NEW YORK (Reuters) - French lender BNP Paribas (BNPP.PA) plans to bid for Deutsche Bank’s (DBKGn.DE) equity derivatives book and is hopeful it can beat off rival bidders to secure a deal in the next few weeks, according to sources familiar with the matter.
Deutsche Bank is selling the portfolio as part of a restructuring that will see it exit equities trading and other unwanted businesses and shed 18,000 staff globally. Chief Executive Officer Christian Sewing is hoping the plan will turn around the bank, whose shares hit a record low this month.
Deutsche Bank plans to auction its equity derivatives portfolio next month having received significant expressions of interest from banks, private equity firms and hedge funds, the sources told Reuters. It may sell the book in separate tranches rather than in its entirety, they said.
BNP is already close to taking control of Deutsche Bank’s prime brokerage business, which serves hedge fund clients. A preliminary deal was struck in July which is expected to be formalized early next month. Any equity derivatives deal would be separate from that transaction, the sources said.
BNP and Deutsche Bank declined to comment.
Reuters reported last month that Deutsche Bank’s derivatives exposure is tying up capital that could have generated income of 500 million euros a year. Reuters also reported the bank has set aside over 1 billion euros to cover the cost of offloading derivatives moved to its so-called “bad bank,” or capital restructuring unit to be wound down or sold.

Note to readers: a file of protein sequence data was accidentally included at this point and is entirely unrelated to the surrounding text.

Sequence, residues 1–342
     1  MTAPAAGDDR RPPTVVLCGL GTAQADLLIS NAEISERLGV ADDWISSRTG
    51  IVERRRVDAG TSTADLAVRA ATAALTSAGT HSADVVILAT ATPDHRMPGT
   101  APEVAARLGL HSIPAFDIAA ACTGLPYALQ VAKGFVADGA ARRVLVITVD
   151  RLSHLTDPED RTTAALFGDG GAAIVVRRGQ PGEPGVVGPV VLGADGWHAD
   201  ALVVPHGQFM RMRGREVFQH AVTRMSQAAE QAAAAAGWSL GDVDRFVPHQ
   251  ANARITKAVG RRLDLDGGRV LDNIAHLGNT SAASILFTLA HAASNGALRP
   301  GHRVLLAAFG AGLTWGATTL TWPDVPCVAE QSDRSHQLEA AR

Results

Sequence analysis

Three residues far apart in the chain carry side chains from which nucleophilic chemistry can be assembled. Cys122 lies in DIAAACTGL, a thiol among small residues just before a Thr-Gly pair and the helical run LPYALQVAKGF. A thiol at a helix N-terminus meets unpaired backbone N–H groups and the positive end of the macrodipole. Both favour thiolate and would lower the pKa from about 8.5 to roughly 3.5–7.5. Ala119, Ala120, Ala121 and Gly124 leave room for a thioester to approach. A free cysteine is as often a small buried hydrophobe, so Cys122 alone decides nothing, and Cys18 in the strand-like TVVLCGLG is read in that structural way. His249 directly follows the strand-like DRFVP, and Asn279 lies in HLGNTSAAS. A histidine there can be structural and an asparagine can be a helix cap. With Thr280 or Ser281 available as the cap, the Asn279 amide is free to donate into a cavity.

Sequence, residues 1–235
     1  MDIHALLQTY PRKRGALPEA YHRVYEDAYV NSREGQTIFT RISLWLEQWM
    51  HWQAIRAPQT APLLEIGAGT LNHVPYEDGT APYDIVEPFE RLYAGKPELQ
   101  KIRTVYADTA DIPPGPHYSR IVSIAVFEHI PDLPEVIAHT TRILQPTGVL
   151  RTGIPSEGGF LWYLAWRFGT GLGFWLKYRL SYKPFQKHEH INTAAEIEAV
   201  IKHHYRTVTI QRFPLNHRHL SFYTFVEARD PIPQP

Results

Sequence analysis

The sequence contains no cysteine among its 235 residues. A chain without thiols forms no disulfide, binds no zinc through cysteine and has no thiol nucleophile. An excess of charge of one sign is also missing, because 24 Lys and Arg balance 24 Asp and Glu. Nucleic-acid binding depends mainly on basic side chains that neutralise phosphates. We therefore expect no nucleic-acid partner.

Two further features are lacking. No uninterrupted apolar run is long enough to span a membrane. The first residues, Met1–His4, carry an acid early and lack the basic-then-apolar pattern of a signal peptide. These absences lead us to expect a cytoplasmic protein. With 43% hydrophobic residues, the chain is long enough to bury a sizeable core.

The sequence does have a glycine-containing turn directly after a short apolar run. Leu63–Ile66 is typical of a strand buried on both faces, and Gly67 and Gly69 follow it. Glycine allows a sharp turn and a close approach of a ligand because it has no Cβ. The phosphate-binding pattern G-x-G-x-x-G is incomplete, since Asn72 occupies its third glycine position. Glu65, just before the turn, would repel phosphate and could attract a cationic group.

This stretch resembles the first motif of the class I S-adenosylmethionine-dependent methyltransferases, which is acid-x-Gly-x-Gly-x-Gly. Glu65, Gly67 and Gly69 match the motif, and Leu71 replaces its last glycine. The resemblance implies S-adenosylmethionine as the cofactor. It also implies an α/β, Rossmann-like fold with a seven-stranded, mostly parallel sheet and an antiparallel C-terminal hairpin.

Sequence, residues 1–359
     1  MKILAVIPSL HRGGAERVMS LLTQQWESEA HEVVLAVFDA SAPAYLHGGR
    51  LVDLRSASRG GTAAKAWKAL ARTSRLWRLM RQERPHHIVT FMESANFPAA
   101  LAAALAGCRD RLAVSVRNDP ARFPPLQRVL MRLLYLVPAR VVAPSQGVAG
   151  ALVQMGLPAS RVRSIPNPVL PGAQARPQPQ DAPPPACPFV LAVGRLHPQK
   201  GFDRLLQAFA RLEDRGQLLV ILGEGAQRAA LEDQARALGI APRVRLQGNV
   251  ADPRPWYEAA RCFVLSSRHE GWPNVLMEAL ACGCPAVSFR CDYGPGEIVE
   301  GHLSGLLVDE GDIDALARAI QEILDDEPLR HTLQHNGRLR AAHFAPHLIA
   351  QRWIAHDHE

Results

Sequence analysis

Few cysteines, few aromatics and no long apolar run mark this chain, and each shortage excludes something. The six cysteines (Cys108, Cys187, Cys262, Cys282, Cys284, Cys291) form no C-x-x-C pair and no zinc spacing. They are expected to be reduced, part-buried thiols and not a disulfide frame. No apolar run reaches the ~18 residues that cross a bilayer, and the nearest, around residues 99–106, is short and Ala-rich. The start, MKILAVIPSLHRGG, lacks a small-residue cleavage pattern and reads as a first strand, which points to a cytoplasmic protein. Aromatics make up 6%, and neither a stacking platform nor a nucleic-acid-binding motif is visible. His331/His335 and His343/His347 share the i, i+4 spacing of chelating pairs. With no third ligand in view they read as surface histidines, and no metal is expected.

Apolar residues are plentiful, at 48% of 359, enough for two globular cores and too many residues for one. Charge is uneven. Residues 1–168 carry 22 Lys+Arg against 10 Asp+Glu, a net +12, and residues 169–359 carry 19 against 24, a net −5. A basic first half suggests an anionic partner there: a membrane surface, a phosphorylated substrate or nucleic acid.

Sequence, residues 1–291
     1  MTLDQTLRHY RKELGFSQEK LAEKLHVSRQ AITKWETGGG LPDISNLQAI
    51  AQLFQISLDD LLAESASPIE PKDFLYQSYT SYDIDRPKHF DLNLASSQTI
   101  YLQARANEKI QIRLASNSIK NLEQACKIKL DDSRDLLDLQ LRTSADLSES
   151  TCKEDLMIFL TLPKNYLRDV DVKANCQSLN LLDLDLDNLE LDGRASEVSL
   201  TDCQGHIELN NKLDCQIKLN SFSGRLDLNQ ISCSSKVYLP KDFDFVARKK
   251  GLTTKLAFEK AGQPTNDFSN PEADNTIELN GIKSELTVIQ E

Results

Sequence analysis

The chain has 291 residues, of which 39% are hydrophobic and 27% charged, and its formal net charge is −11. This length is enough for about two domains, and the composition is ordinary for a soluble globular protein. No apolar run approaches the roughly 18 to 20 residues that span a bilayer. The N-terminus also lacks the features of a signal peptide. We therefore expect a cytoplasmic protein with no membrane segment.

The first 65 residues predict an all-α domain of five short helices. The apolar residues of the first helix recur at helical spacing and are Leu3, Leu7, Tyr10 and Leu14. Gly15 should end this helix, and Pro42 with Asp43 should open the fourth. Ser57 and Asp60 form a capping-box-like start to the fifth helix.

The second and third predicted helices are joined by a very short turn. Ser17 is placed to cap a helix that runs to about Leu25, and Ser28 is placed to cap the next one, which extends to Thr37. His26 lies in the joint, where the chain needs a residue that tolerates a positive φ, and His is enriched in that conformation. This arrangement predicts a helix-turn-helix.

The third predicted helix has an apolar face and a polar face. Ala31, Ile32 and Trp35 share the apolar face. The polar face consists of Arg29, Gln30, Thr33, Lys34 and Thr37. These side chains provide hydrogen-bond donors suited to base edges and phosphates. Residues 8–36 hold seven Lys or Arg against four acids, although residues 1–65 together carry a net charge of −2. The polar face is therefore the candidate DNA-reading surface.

The restructuring has seen the bank hive off 288 billion euros of assets into the bad bank. Equities, including equity derivatives, accounted for around 170 billion euros of those assets. Fixed-income assets, including long-dated interest rate and credit derivatives, accounted for 79 billion euros.
The equity derivatives are short-dated and expected to attract a lot of interest from buyers, meaning Deutsche Bank may not have to take a discount to offload them. The bank’s longer-dated interest rate and credit derivatives are expected to be much harder to sell, as they require high levels of capital to be held against them, and could require deep writedowns, sources familiar with the situation said.
BNP expressed its interest in Deutsche Bank’s equity derivatives business earlier this year but the German lender decided against entering into exclusive talks having also received interest from other parties, sources told Reuters.
Deutsche Bank is under pressure to complete the prime brokerage deal quickly or risk losing clients. Barclay (BARC.L) is looking to take on a $20 billion portion of the $200 billion business, sources told Reuters last month.
Deutsche Bank plans to close the prime brokerage deal in the first half of September and to begin the auction of its equity derivatives book shortly afterwards, the sources said. The deals are expected to take months to complete as buyers take over individual client accounts.
Reporting by Matt Scuffham; Editing by Tom Brown